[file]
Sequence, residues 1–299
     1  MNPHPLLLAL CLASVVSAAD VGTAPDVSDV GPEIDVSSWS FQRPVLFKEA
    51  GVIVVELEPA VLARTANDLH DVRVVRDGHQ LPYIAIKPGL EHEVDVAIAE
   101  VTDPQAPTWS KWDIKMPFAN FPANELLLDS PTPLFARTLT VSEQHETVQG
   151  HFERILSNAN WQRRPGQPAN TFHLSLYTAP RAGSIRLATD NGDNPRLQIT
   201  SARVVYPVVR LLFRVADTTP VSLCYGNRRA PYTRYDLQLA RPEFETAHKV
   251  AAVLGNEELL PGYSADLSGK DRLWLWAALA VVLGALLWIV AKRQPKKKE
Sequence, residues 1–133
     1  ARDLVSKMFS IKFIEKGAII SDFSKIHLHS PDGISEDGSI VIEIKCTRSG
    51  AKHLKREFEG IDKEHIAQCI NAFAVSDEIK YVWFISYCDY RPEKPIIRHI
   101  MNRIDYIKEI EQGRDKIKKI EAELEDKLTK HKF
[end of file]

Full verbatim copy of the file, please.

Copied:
Sequence, residues 1–299
     1  MNPHPLLLAL CLASVVSAAD VGTAPDVSDV GPEIDVSSWS FQRPVLFKEA
    51  GVIVVELEPA VLARTANDLH DVRVVRDGHQ LPYIAIKPGL EHEVDVAIAE
   101  VTDPQAPTWS KWDIKMPFAN FPANELLLDS PTPLFARTLT VSEQHETVQG
   151  HFERILSNAN WQRRPGQPAN TFHLSLYTAP RAGSIRLATD NGDNPRLQIT
   201  SARVVYPVVR LLFRVADTTP VSLCYGNRRA PYTRYDLQLA RPEFETAHKV
   251  AAVLGNEELL PGYSADLSGK DRLWLWAALA VVLGALLWIV AKRQPKKKE
Sequence, residues 1–133
     1  ARDLVSKMFS IKFIEKGAII SDFSKIHLHS PDGISEDGSI VIEIKCTRSG
    51  AKHLKREFEG IDKEHIAQCI NAFAVSDEIK YVWFISYCDY RPEKPIIRHI
   101  MNRIDYIKEI EQGRDKIKKI EAELEDKLTK HKF